Do they make these in a red glitter model?
When I was nine years old, I fell backwards down the basement stairs – coming to rest in a heap on the cold cement floor.
I couldn’t move.
I tried to get up.
I tried to push myself up.
I tried to drag myself across the floor.
But I couldn’t move.
And then my mom tried to pull me up by grabbing onto my arms and dragging me.
But that didn’t work either.
I was paralyzed.
So I laid my head down on the floor and closed my eyes. What I have always remembered most about that night is the soothing and calming feel of the cold cement against my cheek.
So soothing I didn’t cry.
Or make a sound.
I just laid there silently in the stillness.
I thought about that floor Monday as I sat in the doctor’s office listening to the latest prognosis on my back.
For the last six months I have been unable to stand upright on my own for any extended length of time. Or walk without being in pain. Or get through a day without relying on pain meds of some kind. I’ve been in and out of doctor’s offices and gone through a whole battery of x-rays and scans. And physical therapy. And traction. And an epidural.
But in spite of all that, for the last week, I have been (for the most part) unable to walk without the aid of a cane or crutches. Those who see me like this ask what happened, what I did, what suddenly brought this on - seemingly (to outside appearances) overnight.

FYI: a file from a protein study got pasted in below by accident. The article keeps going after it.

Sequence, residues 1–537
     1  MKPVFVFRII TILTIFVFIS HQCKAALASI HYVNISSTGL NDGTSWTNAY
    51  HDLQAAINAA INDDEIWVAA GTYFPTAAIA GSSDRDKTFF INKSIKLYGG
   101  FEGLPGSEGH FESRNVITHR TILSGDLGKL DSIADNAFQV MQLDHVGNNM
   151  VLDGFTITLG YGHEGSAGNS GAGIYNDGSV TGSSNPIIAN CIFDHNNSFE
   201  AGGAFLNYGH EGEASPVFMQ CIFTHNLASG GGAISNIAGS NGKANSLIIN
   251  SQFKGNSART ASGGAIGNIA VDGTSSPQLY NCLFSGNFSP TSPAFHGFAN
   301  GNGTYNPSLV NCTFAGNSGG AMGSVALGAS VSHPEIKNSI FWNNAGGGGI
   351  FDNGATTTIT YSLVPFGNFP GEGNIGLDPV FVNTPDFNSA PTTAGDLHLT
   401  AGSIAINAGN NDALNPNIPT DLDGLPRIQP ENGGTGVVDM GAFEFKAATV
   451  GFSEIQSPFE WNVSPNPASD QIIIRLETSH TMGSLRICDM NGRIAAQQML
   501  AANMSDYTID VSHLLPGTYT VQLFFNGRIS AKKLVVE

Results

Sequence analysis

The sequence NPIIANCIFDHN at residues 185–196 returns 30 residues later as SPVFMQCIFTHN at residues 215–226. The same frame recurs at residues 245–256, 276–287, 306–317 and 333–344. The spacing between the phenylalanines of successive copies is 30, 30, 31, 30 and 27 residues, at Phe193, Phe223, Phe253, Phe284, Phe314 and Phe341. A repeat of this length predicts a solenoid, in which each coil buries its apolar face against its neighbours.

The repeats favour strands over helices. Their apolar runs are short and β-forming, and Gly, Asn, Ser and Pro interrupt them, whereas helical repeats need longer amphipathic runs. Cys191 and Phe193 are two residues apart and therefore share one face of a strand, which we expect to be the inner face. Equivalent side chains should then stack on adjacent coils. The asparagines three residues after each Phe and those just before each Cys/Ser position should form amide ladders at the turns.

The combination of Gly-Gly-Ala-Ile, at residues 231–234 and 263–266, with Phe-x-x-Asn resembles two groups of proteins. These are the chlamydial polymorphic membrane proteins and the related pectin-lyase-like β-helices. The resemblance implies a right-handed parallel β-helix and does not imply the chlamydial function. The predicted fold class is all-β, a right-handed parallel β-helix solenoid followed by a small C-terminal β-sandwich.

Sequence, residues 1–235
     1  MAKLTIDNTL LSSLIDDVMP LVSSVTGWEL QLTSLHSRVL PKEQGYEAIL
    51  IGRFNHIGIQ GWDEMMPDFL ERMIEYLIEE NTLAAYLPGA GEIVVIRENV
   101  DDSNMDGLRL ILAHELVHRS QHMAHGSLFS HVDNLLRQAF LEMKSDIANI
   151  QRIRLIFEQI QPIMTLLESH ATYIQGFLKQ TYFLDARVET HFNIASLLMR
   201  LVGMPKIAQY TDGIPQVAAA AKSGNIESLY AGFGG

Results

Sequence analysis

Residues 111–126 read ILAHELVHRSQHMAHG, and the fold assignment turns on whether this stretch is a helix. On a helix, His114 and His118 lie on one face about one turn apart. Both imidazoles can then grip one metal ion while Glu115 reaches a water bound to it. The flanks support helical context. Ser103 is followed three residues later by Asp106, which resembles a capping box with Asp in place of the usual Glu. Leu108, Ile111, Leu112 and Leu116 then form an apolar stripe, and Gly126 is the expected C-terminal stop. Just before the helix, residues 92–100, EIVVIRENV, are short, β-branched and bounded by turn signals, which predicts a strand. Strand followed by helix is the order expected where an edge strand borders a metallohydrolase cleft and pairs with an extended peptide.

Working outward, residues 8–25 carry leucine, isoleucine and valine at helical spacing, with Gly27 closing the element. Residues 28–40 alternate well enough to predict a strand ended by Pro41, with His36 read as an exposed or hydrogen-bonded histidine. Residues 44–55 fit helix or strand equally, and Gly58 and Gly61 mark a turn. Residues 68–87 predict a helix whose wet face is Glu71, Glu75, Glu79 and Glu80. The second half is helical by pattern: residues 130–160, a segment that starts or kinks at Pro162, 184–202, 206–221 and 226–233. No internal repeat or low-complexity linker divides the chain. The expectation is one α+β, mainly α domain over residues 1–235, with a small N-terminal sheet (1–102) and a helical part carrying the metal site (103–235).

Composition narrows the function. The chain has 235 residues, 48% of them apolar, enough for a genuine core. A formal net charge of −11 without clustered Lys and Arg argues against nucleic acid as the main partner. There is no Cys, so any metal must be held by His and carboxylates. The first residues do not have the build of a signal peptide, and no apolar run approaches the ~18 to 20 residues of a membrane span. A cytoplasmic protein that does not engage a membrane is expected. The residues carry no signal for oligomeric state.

It wasn’t overnight. So, I tell them about my backwards fall down a flight of stairs; the severe bruising in my spinal column and two fractured disks, and now, 45+ years later, the accumulative repercussions of the injuries on my back from then to now. (It’s a long and depressing list.)
Yes, it’s been bad for a while now, but I’ve been really good at denying how bad it was and hiding the reality of my pain and the increasing difficulty in standing or walking; not just from everyone else, but also myself.
Because I don’t want it to be real. I want to be able to make it go away by sheer force of mind and will if nothing else. (Which isn’t working.)
I remember laying on that floor and being unable to move. At nine, I didn’t know to be afraid my inability to get up could be permanent. Today I do. And that in itself is really, really scary. Terrifyingly scary.
And so I stick my fingers in my ears and close my eyes and wish my cheek was against the cement coolness again so I could make it all go away like I did back then.
There is no surgery option to “fix” this. Nothing to make it go away completely. It’s in the black and white of x-rays and MRI’s, and numerous specialist’s interpretations.
And I don’t have a plan. I always have a plan for dealing with stuff like this, but I don’t now. I don’t know what to do or how to do it. And that’s scary too.
It just really, really f*cking sucks.
For right now, that’s about all I can come up with to say.